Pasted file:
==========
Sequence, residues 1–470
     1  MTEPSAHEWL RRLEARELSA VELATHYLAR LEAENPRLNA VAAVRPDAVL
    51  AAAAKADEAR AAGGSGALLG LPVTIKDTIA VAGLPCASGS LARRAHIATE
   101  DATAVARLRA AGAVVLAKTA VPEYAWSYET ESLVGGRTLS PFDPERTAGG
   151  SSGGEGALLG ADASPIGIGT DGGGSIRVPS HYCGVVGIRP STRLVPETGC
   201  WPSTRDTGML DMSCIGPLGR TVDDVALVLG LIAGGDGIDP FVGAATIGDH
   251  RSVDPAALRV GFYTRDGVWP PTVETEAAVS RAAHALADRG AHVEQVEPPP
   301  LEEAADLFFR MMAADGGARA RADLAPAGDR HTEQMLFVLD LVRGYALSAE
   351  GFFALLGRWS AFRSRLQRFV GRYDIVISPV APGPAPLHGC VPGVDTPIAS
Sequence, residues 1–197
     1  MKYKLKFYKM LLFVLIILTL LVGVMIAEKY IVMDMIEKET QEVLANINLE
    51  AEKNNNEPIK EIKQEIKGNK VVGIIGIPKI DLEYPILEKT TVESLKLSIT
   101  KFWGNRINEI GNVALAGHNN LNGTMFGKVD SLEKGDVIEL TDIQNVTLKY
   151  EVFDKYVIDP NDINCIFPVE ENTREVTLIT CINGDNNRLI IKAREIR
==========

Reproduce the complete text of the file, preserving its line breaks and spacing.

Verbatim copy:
Sequence, residues 1–470
     1  MTEPSAHEWL RRLEARELSA VELATHYLAR LEAENPRLNA VAAVRPDAVL
    51  AAAAKADEAR AAGGSGALLG LPVTIKDTIA VAGLPCASGS LARRAHIATE
   101  DATAVARLRA AGAVVLAKTA VPEYAWSYET ESLVGGRTLS PFDPERTAGG
   151  SSGGEGALLG ADASPIGIGT DGGGSIRVPS HYCGVVGIRP STRLVPETGC
   201  WPSTRDTGML DMSCIGPLGR TVDDVALVLG LIAGGDGIDP FVGAATIGDH
   251  RSVDPAALRV GFYTRDGVWP PTVETEAAVS RAAHALADRG AHVEQVEPPP
   301  LEEAADLFFR MMAADGGARA RADLAPAGDR HTEQMLFVLD LVRGYALSAE
   351  GFFALLGRWS AFRSRLQRFV GRYDIVISPV APGPAPLHGC VPGVDTPIAS
Sequence, residues 1–197
     1  MKYKLKFYKM LLFVLIILTL LVGVMIAEKY IVMDMIEKET QEVLANINLE
    51  AEKNNNEPIK EIKQEIKGNK VVGIIGIPKI DLEYPILEKT TVESLKLSIT
   101  KFWGNRINEI GNVALAGHNN LNGTMFGKVD SLEKGDVIEL TDIQNVTLKY
   151  EVFDKYVIDP NDINCIFPVE ENTREVTLIT CINGDNNRLI IKAREIR